The primary function of conflict narratives is to seize and secure all space that might otherwise be available for discovery and dialogue through relentless repetition of a single predetermined dualistic narrative. These narratives are scripted as win/lose scenarios, contests for survival, competitions where one side gains only at the expense of the other. Such narratives identify those involved solely through their opposition to one another, effectively silencing their individual voices. With the competition clearly defined, participants are now free to “choose” sides, establishing a shallow sense of belonging and purpose through this essential act of “choosing.” This “choice” between sanctioned options is intended to supplant any personal exploration and experience that might cause deviation from the narrative. The spectacle of impassioned argument from both sides is meant to seduce us into declaring our allegiance, but if we are to break free of these narratives there is one thing we must be clear on:

Those who script conflict narratives do not care which choice we ultimately make. They have provided two “choices” (rather than one) for the sole purpose of seducing us into declaring our allegiance and joining the fray.

Jobs or Environment. Freedom or Security. Democrat or Republican. Coke or Pepsi. Paper or Plastic. Conflict narratives often provide “choices” that are almost identical, but they can be equally effective tools of manipulation when the “choices” are actually different. Apples and Oranges. The phrase is used to reference two objects so completely different that their comparison is all but meaningless. But really though, which is better, Apples or Oranges? If you could eat only one for the rest of your life, which would it be? C’mon, you know you have a favorite! Viewing difference in the frame of conflict, as a contest for dominance, keeps us from realizing the benefit of having multiple options. Oranges may not make for good pie (Damn right – Apple Pie RULES!), but they make excellent marmalade (You got to be kidding – NOBODY eats that garbage!).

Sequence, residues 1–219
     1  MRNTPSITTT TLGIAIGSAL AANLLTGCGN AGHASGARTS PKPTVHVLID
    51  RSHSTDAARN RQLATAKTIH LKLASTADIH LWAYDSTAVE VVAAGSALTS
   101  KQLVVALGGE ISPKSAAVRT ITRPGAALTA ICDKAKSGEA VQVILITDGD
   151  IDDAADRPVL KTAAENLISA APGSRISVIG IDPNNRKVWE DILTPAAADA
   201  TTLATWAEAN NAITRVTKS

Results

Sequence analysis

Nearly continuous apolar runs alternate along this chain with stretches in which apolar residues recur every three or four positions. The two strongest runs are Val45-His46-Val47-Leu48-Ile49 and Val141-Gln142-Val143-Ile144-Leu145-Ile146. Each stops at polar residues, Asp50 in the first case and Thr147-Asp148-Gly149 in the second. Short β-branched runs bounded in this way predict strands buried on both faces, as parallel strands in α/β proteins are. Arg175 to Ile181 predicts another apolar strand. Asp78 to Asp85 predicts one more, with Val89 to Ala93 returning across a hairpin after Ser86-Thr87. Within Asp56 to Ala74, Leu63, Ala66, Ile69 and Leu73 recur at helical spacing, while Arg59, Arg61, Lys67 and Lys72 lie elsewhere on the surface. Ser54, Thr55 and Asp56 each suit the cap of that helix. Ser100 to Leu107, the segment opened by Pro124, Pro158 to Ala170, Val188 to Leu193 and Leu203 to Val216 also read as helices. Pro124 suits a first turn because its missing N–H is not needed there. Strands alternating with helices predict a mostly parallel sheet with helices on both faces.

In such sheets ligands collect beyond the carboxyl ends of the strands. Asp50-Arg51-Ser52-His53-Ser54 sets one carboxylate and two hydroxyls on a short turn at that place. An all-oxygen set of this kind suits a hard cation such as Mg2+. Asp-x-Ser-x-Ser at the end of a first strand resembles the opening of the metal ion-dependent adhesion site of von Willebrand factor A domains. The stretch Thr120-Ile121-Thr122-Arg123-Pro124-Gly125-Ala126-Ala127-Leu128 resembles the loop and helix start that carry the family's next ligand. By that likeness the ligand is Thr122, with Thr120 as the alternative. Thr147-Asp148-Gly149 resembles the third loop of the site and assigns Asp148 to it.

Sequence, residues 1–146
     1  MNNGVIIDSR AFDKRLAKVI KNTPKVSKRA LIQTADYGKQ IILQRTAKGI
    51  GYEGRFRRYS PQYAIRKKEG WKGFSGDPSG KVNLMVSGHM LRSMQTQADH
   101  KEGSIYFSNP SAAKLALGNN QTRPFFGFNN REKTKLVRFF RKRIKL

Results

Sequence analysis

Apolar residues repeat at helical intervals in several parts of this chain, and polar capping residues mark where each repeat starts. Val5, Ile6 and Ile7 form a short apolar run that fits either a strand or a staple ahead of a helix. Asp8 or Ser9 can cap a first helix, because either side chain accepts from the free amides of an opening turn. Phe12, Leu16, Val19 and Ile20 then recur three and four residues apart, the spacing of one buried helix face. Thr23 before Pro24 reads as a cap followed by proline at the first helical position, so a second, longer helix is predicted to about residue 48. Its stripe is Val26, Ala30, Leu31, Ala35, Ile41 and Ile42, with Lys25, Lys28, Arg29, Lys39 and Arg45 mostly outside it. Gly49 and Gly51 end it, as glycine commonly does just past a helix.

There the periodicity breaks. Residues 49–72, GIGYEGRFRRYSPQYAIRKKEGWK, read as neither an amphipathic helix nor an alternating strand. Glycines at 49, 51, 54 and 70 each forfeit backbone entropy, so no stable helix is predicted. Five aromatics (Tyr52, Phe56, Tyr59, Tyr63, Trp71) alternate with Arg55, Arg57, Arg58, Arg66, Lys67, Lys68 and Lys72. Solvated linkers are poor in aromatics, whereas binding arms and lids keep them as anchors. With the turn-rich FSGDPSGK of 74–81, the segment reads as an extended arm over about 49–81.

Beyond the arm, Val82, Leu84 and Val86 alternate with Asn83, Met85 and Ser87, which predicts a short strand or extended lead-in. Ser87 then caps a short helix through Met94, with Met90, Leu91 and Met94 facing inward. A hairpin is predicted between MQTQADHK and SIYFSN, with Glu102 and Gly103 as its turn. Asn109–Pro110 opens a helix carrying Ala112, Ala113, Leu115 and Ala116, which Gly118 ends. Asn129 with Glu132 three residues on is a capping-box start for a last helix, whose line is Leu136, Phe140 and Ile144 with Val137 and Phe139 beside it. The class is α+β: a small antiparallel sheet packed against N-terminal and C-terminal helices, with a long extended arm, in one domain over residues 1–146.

When we look back at the root narratives for so called western civilization we find the Greco-Roman hero on a great quest, courageously facing adversity and overcoming obstacles to manifest his destiny. “Choosing” Apples over Oranges may not seem like the stuff of which legends are made, but again, this story isn’t really about “choice,” it’s about the conflict itself. Not the conflict between Apples and Oranges, but between those who “choose” one, and those who “choose” the other.  So you’ve never had a taste for Apples? Not a problem so long as you really, really hate Oranges.

But the exclusivity of our allegiance need not end there. Pears, tangerines, and bananas, all suspect by association. Why would anyone eat those other fruits when they could be eating Apples instead? For that matter, how could anyone wise enough to recognize the clear superiority of Apples even harbor a desire to taste the obviously inferior Oranges? To do so would only show a lack of resolve and serve to ridicule all the great heroes who have sacrificed everything to make Apple their one and only choice.

This is the ultimate objective of the conflict narrative, not simply to discourage alternative experience, but to insure obedience through the systematic substitution of vicarious “experience” in place of first hand experiential knowledge.

It may seem strange that people would be involved with a conflict over things they have no personal experience with, but this dynamic is key to developing deference to, and dependence on, the authority of those who have scripted the conflict narrative in the first place. With no possibility of tracing the manufactured conflict back to their own personal experience, with all context on which to base meaningful dialogue stripped away, those who have been manipulated into joining the fray default to escalating the conflict. It is here that the narrative is most pervasive, where affiliation and identity begin to merge. There is no actual decision requiring thoughtful consideration, there is only the illusion of “choice” and the sense of identity that flows from that construct. This is the conflict narrative in its purest form, the so called “choice” exists as nothing more than a reflexive repetition of the conflict narrative itself.

Ok – so what kind of story would it be without the conflict? Would it be a story at all? English 101 instructs that a story has a beginning, middle, and an end. This is referred to as the three-act structure: Setup (exposition), Confrontation (conflict), and Resolution. Accordingly, the conflict moves the plot forward and fuels the reader’s interest. It is the central feature of the dramatic arc, building tension and leading to the climax of the story. Man against man, man against society, man against nature, man against self – this is our accepted model of narrative structure. No conflict – no story.